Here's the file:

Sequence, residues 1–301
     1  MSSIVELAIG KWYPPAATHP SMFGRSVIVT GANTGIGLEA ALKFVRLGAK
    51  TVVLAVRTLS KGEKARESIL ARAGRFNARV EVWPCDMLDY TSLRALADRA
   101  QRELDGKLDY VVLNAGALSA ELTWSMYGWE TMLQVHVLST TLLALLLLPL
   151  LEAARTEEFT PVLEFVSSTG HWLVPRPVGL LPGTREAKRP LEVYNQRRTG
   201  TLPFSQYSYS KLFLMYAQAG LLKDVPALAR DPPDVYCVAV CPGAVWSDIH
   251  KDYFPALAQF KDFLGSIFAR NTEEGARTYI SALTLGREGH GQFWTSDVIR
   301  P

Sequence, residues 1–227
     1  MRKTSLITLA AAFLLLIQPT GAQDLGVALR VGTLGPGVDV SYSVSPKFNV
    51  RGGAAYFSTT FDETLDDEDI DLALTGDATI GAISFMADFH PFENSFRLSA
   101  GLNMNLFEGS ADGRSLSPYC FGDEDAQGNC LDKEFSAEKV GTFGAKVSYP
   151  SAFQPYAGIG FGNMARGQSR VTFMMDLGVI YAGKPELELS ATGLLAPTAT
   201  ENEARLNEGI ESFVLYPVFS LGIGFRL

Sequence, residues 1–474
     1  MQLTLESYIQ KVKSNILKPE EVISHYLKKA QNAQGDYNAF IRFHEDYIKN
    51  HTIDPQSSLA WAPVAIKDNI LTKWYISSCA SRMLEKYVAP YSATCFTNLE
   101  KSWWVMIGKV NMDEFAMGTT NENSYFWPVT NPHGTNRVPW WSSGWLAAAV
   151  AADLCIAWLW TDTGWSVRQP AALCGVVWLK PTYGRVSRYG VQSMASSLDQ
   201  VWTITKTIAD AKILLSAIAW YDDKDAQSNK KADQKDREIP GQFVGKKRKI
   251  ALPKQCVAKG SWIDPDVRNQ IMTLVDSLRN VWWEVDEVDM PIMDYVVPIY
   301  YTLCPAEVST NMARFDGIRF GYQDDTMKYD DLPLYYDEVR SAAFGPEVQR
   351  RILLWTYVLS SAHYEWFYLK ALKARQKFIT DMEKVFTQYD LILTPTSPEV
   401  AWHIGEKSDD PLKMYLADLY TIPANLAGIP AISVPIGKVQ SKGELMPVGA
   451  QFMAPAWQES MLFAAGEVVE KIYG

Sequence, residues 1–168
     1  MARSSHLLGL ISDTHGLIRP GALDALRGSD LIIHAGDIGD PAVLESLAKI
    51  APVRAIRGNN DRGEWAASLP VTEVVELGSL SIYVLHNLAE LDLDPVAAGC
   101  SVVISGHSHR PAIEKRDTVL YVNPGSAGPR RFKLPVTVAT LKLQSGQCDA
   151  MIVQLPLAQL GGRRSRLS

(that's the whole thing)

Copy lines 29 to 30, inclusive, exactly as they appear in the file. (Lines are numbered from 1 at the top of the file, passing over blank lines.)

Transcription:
   101  SVVISGHSHR PAIEKRDTVL YVNPGSAGPR RFKLPVTVAT LKLQSGQCDA
   151  MIVQLPLAQL GGRRSRLS